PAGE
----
Back on the bus for a short hop to Mack House in Davie, Florida, home to the Holy Mackerel nano brewery. The tasting room-cum-college-dorm lounge, tucked away in a strip mall on the service road of I-595, offered a handful of interesting beers and some less so. The easy drinking Bowling Alley Blonde seemed to be an entry-level, session brew with its low hop bitterness and a sweet, soft malt character. The golden-hued Downpour IPA offered balanced bready malts and a resiny hop character. The best-selling Psycho Fish, a cloudy orange-colored, orange-infused, intensely flavored Belgian tripel was a delight with its estery Belgian yeast notes, bright orange flavor and notes of bubble gum. Mack in Black, a dark, strong Belgian-style ale was opaque and stoutish with roasty notes. Panic con Pablo is a copper-colored ale infused with a blend of coffee from a local coffee shop called Café Don Pablo Gourmet Coffee; too intensely coffee flavored for my palate.
Onward to South Beach’s only brew pub, Abbey Brewing, which contract brews its four house-designed offerings at Indian River Brewing Co./Florida Beer Co. in Melbourne, Florida. Appearing bit rustic for this glitzy neighborhood, it offers more guest beers than those with its own tap handle. On a recommendation, I sampled Immaculate IPA, a copper-hued brew more in the style of an English ESB with notes of malt, fruity esters and more than a hint of hop bitterness.
Stop No. 4: Coral Gables, home to Titanic Brewery and Restaurant, the Miami area’s first brew pub, located opposite the University of Miami Hurricanes’ baseball stadium. Titanic’s beers, not surprisingly are mostly British influenced and nautical themed, a sampler of six generally well-made brews cost just $6. Triple Screw Light Ale, a 4% abv German style ale, was more like a Pilsner than a Kolsch with its grainy, low-hopped character.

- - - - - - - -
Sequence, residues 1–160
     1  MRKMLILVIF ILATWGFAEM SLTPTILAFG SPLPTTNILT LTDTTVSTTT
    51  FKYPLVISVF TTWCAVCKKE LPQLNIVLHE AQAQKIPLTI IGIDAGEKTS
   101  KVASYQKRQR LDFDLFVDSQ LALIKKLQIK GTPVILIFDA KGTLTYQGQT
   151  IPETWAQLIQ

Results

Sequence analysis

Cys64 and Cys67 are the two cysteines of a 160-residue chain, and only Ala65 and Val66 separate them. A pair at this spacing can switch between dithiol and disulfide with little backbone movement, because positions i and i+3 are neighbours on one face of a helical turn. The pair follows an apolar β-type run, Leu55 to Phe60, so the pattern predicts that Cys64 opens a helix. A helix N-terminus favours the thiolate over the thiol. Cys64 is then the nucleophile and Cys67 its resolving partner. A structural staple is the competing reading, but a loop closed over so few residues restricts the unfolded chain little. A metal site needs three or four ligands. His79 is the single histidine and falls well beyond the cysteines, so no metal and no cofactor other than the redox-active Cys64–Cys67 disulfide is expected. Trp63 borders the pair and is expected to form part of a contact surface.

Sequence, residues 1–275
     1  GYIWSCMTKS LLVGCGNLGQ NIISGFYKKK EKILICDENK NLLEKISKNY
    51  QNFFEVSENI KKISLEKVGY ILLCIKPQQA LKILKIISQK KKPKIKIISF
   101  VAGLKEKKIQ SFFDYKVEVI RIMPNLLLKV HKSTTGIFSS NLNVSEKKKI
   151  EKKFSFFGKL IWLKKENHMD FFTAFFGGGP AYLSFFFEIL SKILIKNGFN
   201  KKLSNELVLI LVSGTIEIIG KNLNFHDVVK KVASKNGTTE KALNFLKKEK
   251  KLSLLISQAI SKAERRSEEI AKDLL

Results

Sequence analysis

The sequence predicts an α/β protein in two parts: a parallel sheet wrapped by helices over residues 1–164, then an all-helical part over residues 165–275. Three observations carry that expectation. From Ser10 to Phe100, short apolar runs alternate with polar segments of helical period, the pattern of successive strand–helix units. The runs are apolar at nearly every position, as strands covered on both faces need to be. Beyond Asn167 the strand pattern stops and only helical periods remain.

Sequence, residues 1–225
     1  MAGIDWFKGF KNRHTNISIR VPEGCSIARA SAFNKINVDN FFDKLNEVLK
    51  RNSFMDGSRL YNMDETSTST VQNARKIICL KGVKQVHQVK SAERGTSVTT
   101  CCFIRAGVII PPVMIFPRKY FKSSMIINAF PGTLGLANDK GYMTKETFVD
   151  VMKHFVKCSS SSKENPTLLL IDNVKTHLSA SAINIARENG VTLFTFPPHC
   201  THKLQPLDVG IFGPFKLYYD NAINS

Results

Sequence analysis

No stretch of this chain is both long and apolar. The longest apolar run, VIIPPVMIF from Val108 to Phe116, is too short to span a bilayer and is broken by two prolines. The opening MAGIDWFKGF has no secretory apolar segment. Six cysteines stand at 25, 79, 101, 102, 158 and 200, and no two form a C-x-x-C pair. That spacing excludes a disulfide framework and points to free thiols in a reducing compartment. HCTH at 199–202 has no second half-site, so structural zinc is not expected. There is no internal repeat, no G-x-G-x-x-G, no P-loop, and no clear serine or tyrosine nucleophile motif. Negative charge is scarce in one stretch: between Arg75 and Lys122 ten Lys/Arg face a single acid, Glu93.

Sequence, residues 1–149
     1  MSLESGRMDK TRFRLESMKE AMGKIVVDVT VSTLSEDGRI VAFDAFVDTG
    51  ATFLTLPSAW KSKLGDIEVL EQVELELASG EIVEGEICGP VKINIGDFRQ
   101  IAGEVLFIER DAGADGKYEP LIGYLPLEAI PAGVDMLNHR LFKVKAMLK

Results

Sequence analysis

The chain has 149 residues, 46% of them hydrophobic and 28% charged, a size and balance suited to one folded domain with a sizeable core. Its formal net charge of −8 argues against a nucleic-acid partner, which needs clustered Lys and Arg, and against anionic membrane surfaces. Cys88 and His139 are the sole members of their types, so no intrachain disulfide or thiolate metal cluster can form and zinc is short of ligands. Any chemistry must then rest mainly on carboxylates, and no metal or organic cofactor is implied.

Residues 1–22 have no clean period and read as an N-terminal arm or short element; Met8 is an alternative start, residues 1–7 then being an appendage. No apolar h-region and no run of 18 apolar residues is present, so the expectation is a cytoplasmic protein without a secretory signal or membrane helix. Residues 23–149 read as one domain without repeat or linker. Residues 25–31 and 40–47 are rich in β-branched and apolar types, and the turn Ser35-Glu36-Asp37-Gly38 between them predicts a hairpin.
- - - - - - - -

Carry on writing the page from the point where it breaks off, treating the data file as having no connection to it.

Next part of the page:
Captain Smith’s Rye Ale, a amber brew was deep brown, round, fruity and spicy from the malted rye in the grain bill. White Star India Pale Ale is a copper-hued Anglo-American ale made with Cascade hopes and British ale yeast. Loaded with juicy malt character along with citrus notes it was smooth, creamy brew.Britannic Best Bitter, a British styled ESB was amber hued with a fruity, malty and floral hop character. Boiler Room Nut Brown Ale, also quite British in style, was a translucent reddish brown, creamy, grainy and a finish that was somewhat short.Shipbuilders Oatmeal Stout, deep brown with an oily character, it seemed thin bodied with an exceptionally dry finish.
Our final destination was the Wynwood Brewery, Miami’s first production brewery, located in the Wynwood Arts District, just east of Interstate 95 on a street lined with single-level warehouses tagged with graffiti. Having had a couple of Wynwood’s brews before and been disappointed, I was pleasantly surprised by Wynwood’s Fox, an imperial/double red with a deep russet hue, crisp and flavorful with big malt character and enough hops to suggest and IPA. I was, however, annoyed by the 12-oz. plastic cup and the $8 tariff.Abbey Brewing Co., 1115 16th St., Miami Beach, FL 33139, (305) 538-8110. Funky Buddha Brewery, 1201 NE 38th St, Oakland Park, FL 33334 (954) 440-0046.
The Mack House (Holy Mackerel Nano Brewery), 9118 W. State Road 84, Davie, FL 33324 (954) 474-5040.
Titanic Brewing Co., 5813 Ponce De Leon Blvd, Coral Gables, FL 33146 (305) 667-2537.
Wynwood Brewing Co., 565 NW 24th St, Miami, FL 33127 (305) 982-8732.